Markets Overview

  • ASX SPI 200 futures up 0.3% to 7,666.00
  • Dow Average up 1.2% to 38,675.68
  • Aussie up 0.8% to 0.6619 per US$
  • US 10-year yield fell 7.2bps to 4.5077%
  • Australia 3-year bond yield fell 2.8 bps to 4.04%
  • Australia 10-year bond yield fell 3 bps to 4.42%
  • Gold spot little changed at $2,301.74
  • Brent futures down 0.8% to $82.96/bbl

Economic Events

  • 11:00: (AU) April Melbourne Institute Inflation, prior 3.8%
  • 11:00: (AU) April Melbourne Institute Inflation, prior 0.1%
  • 11:30: (AU) April ANZ-Indeed Job Advertisements , prior -1.0%

Stocks notched their biggest advance since February as a slowdown in US jobs sent bond yields tumbling, with traders reviving bets on Federal Reserve rate cuts this year.

A softer-than-estimated payrolls number — that did not signal the labor market is rolling over — and a cooldown in wages appeased investors worrying about “stagflation” or a recession. Instead, the latest employment print gave fodder to the believers in an economy that is gradually slowing and would allow a data-dependent Fed to start easing policy as early as September.

The S&P 500 rose 1.3%, with equities also buoyed by Apple Inc.’s post-earnings surge. The tech-heavy Nasdaq 100 climbed 2%. Wall Street’s “fear gauge” — the VIX — sank to an over one-month low.

Treasury two-year yields, which are more sensitive to imminent Fed moves, dropped seven basis points to 4.81%. Swap traders are now projecting around 50 basis points of policy easing this year — which would equate to two rate cuts. The dollar saw its worst week since March.

Other News

Australia’s housing rental value hit a fresh record in April with some cities seeing renewed growth momentum, a troubling sign for the Reserve Bank that’s likely to leave borrowing costs at a 12-year high this week to stave off price pressures.

Median dwelling rent was A$627 per week nationwide, as of April, up 8.5% from a year ago, data from property consultancy CoreLogic Inc. showed. Sydney was the most expensive market to rent at A$770 per week, followed by capital Canberra at A$674 and mining powerhouse Perth at A$669 where the annual rate of growth was also the strongest of all capital cities.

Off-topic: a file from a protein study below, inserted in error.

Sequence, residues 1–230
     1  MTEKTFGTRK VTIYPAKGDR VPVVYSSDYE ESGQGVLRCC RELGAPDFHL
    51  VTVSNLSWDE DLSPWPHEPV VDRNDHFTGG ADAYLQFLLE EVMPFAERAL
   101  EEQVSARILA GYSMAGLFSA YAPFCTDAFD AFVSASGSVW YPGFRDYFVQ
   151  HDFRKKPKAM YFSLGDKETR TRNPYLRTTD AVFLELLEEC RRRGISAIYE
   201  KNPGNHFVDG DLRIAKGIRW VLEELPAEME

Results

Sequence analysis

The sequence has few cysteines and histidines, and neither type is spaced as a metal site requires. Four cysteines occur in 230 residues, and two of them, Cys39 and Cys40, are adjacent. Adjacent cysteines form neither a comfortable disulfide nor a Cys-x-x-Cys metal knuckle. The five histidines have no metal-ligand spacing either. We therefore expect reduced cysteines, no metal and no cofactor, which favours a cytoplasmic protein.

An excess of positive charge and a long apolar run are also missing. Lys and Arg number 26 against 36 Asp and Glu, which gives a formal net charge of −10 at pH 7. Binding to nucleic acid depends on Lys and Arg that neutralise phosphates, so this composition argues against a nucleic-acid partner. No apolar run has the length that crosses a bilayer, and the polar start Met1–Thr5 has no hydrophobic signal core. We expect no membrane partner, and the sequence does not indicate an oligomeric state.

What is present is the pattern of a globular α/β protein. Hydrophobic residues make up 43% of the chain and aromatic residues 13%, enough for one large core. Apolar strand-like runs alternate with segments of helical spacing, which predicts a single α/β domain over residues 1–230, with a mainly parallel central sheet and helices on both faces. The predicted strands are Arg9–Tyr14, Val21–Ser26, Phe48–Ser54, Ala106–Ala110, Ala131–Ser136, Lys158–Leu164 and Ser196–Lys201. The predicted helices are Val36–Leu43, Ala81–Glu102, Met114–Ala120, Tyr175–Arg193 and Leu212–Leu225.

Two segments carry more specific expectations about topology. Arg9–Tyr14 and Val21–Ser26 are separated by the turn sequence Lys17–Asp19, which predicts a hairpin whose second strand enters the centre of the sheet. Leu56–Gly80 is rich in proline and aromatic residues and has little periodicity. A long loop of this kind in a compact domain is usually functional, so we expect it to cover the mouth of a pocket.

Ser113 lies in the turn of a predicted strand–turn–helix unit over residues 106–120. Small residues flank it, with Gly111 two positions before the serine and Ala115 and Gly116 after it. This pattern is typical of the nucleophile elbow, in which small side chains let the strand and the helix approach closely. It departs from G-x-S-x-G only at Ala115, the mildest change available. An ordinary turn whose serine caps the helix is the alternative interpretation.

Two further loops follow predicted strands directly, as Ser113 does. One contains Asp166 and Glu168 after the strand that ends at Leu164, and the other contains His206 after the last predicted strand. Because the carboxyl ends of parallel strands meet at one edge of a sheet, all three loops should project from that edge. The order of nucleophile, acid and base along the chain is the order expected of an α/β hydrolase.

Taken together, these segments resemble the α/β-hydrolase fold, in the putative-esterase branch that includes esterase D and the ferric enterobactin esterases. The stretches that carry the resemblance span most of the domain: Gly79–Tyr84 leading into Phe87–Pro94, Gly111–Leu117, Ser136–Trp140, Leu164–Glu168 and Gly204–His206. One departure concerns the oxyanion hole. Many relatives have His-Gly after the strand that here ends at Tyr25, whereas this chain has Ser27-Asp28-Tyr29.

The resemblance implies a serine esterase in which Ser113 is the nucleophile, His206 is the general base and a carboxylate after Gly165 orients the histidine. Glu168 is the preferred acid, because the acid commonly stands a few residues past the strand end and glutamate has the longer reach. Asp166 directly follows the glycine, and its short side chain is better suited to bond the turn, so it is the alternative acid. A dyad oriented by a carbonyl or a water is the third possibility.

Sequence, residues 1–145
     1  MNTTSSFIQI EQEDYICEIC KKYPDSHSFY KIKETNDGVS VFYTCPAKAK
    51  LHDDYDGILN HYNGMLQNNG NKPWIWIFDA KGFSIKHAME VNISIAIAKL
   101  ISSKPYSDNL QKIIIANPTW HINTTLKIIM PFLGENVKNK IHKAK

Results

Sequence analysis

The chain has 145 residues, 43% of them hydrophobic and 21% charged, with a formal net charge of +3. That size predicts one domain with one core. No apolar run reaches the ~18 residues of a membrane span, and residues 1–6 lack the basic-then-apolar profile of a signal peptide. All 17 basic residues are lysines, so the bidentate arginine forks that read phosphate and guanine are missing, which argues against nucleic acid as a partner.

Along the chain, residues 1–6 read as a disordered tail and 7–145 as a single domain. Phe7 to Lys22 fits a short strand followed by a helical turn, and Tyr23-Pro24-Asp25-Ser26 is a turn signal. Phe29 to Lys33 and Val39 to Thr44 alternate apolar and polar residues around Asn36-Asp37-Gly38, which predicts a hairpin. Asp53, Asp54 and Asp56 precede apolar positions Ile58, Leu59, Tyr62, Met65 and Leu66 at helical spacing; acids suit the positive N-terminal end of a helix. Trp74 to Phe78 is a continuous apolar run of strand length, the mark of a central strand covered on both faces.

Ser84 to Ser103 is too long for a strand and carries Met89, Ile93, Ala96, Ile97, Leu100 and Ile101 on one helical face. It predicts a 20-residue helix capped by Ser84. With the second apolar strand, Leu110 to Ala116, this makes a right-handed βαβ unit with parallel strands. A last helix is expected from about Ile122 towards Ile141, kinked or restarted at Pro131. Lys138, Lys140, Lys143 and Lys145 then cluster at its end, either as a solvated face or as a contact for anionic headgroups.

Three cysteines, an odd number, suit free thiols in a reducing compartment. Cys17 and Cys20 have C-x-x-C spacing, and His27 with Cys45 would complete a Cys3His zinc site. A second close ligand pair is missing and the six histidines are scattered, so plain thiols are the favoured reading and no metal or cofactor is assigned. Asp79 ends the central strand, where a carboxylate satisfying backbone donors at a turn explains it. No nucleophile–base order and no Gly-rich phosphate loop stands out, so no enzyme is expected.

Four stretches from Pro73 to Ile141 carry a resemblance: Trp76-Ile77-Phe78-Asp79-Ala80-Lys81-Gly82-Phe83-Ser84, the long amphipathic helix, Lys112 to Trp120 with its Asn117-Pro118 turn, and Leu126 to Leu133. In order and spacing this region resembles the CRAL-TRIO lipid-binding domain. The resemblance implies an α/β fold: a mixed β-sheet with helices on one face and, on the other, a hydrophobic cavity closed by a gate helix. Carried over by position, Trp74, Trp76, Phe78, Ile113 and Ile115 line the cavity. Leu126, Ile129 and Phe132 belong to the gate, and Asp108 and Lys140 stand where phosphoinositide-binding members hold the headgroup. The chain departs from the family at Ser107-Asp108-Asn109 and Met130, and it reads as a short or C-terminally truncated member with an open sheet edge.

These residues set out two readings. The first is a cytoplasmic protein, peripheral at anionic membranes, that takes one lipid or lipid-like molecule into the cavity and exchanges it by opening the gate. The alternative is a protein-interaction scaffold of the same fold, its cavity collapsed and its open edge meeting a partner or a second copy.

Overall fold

“Part of the reason for the re-acceleration in rents nationally could be due to renters being forced into more affordable, peripheral housing markets as they become priced out of more desirable and central metropolitan locations,” said Eliza Owen, an economist at CoreLogic.

The latest data may add to worries for the RBA which is facing the prospect of high-for-longer price growth and interest rates. From a year ago, rent inflation rose 7.7% in the first three months of 2024, remaining around the highest in the 30 years the RBA has been targeting inflation, data last month showed.

The RBA will announce its rate decision on Tuesday at 2.30 p.m. in Sydney, with all-but-one economists expecting it will maintain the cash rate at 4.35%.

Supply and demand pressures remain high across Australia’s rental market more broadly, CoreLogic’s findings showed.

Considering an average household size of 2.5 people, net overseas migration levels implied new household formation of over 200,000 in the 12 months to September 2023, CoreLogic’s research found. Yet, only 173,000 new dwellings were completed in the same period, creating a gap of 30,000 homes.

“Given there is little that can be done on the supply side for renters in the short term, reprieve in the rental market is most likely to come from a moderation in net overseas migration,” Owen said. “Centre for Population forecasts indicate this could occur from next financial year.”

A separate government report released on Friday saw the following: housing prices and rents are growing faster than wages, rental vacancies are near all-time lows, 169,000 households are on public housing waiting lists, 122,000 people are experiencing homelessness and projected housing supply is very low.

“Australia’s housing market is far from healthy,” the report said. “An unhealthy market has periods of rampant price growth, is unable to produce enough supply to meet demand, is overly reliant on an unsupported private market to address most of Australia’s shelter needs, creates scarcity and cannot match the rich expanse of demand with a breadth of housing choice.”